World anger mounts over Gaza deaths

Palestinians who live in Greece wave Palestinian flags atop a police bus during an anti-Israeli rally in Athens. (AP)
Updated 16 May 2018
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World anger mounts over Gaza deaths

  • Almost 60 Palestinians were killed in clashes with Israeli troops during protests to mark the 70th anniversary of Nakba
  • Saudi Arabia’s Cabinet on Tuesday reaffirmed the Kingdom’s rejection of the decision to move the US Embassy to Jerusalem

AMMAN: Israel faces mounting regional and international pressure over the deaths of Palestinian protesters on the Gaza border, with South Africa, Turkey, Belgium and Ireland withdrawing their ambassadors from Tel Aviv and the UN Commission on Human Rights calling for an independent inquiry. 

Almost 60 Palestinians were killed in clashes with Israeli troops during protests to mark the 70th anniversary of Nakba — the expulsion of Palestinians from their homes — and the opening of the US Embassy in Jerusalem.

Saudi Arabia’s Cabinet on Tuesday reaffirmed the Kingdom’s rejection of the decision to move the US Embassy to Jerusalem, a day after its official opening.

“This step represents a significant bias against the historical, permanent rights of the Palestinian people in Jerusalem,” an official statement said.

Secretary-General of the Palestine Liberation Organization (PLO) Saeb Erekat said that the Palestinian leadership would file a legal case against Israel with the International Criminal Court over settlement activity on occupied Palestinian territory.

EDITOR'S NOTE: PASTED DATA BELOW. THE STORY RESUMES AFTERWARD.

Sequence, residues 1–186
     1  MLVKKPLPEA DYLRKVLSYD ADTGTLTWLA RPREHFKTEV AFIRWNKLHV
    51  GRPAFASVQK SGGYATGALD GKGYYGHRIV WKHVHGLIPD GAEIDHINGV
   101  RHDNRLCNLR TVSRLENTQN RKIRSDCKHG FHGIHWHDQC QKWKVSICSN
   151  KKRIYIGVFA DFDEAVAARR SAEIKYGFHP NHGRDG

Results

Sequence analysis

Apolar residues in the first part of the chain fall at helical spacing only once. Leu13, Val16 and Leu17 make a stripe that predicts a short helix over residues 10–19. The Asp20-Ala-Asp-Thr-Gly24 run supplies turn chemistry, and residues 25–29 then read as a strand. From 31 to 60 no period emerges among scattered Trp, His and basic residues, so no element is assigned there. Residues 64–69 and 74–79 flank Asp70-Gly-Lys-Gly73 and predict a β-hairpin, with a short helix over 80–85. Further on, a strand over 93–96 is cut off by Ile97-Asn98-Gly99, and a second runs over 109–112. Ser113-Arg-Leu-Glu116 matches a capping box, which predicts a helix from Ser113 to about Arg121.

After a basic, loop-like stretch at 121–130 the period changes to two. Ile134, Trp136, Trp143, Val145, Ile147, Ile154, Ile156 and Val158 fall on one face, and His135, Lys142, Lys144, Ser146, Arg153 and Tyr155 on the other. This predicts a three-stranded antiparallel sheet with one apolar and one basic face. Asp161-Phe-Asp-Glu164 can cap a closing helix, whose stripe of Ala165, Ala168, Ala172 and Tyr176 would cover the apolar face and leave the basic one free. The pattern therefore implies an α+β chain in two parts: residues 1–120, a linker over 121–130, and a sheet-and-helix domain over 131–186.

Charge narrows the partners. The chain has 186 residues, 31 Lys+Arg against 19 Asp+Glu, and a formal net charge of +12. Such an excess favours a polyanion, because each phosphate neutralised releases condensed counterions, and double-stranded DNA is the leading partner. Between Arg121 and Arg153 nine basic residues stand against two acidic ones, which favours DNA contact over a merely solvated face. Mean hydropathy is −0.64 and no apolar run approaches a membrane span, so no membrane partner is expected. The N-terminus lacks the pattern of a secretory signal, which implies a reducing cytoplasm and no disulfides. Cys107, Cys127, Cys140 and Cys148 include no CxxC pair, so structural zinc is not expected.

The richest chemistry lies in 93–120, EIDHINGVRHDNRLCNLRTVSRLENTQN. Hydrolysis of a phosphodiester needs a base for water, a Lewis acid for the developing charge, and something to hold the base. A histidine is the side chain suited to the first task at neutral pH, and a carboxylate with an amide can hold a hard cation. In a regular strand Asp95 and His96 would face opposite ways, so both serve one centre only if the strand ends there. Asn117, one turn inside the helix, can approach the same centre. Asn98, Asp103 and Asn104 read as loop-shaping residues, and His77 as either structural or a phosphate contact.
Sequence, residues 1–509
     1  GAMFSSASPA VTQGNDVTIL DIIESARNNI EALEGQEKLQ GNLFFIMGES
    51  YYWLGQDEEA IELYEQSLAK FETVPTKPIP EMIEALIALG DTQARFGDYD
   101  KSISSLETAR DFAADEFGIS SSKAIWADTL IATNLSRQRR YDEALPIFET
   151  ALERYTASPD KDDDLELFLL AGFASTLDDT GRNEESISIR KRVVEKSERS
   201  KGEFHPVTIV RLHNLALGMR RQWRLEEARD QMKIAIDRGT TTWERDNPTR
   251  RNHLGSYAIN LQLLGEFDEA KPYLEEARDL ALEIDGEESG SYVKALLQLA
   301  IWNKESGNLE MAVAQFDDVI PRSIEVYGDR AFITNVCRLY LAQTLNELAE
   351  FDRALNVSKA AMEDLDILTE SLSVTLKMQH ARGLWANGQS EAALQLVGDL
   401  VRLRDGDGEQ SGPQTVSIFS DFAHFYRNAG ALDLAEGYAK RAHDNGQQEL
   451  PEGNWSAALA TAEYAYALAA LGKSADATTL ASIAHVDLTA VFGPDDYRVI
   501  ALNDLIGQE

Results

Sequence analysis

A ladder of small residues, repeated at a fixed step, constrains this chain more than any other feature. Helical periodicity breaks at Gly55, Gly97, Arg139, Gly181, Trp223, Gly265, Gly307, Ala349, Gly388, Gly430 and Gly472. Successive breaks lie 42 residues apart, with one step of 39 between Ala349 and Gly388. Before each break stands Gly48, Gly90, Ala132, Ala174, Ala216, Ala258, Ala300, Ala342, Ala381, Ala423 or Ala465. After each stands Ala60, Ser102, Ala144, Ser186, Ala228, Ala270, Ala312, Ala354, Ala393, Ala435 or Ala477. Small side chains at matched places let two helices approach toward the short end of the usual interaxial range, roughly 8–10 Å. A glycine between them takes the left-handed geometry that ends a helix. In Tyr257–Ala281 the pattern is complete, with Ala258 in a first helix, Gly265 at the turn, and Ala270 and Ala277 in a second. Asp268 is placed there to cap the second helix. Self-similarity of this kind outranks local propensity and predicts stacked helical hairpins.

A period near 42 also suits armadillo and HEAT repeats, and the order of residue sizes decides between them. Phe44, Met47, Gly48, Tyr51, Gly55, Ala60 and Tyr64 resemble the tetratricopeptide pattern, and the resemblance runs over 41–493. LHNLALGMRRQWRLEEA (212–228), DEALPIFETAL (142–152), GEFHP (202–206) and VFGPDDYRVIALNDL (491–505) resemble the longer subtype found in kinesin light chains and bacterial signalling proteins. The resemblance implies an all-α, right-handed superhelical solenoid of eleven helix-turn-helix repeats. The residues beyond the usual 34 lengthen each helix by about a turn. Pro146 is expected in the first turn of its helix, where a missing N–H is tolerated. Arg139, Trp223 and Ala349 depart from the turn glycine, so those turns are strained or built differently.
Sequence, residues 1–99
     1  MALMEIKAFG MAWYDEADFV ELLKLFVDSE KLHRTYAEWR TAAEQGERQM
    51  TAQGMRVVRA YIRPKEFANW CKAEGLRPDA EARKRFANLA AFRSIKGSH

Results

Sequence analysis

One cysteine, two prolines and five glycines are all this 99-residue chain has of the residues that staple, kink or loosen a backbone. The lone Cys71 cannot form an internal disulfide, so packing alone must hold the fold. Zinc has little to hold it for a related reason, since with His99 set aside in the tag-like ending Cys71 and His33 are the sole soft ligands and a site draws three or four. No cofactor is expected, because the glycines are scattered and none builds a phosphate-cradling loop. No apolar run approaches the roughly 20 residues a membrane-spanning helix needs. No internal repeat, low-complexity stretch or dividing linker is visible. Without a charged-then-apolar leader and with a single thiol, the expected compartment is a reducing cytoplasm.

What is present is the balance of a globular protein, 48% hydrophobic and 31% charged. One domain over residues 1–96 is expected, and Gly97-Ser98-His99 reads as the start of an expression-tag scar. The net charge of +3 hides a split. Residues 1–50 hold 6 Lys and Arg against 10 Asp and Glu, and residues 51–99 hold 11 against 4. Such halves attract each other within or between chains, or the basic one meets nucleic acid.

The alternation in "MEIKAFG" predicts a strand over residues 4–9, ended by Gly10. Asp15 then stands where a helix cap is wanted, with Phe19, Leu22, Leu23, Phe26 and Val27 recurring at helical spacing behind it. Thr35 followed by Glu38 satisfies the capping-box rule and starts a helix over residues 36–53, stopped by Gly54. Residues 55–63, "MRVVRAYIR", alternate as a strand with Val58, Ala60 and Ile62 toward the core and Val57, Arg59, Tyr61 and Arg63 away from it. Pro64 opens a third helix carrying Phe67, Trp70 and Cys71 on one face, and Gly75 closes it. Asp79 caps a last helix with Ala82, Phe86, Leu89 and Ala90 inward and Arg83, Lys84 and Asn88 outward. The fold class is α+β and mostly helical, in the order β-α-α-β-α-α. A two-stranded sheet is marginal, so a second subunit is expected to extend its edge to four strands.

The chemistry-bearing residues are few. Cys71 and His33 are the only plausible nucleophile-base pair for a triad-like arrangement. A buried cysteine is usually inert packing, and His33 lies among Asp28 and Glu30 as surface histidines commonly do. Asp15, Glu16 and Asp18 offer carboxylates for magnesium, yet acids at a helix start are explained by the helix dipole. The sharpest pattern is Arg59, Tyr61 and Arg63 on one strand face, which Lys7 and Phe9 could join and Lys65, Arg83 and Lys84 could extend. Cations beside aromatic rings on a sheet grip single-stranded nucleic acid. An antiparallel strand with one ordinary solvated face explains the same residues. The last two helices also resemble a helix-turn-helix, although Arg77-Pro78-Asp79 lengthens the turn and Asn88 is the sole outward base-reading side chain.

Former Jordanian Deputy Prime Minister Marwan Muasher, now senior vice president for studies at the Carnegie Endowment for International Peace, told Arab News that the killing of Palestinian protesters, coupled with the move of the US Embassy to Jerusalem, shows why “Israel cannot be trusted” to bring about peace in the region.

“I believe Jordan’s preferred course of action is the adoption of a policy that would keep Palestinians on their soil and that would not cooperate with Israel in any way,” he said.

Nour Al-Emam, a lawyer and member of the Palestine National Council, said the US was now complicit in the killings of unarmed Palestinians by the Israeli occupiers.

Media coverage of the killings in Gaza has also been criticized. Writing on his personal Twitter account, media specialist Mureed Hammad said that the “world media has shown a different face to dealing with Palestinian blood.”

James Martin, a Jesuit priest and editor-at-large of the Jesuit magazine America, condemned The New York Times for saying that Palestinians had “died” rather than Palestinians were “killed.”

Some Arab voices are also objecting to the silence of many Arab leaders. Mohammad Ersan, the host of a Radio Al-Balad talk show in the Jordanian capital, ended his program on Tuesday by asking if the Israeli ambassadors in neighboring countries would be sent home. His comment followed a decision by Turkey to order Israel’s ambassador to leave.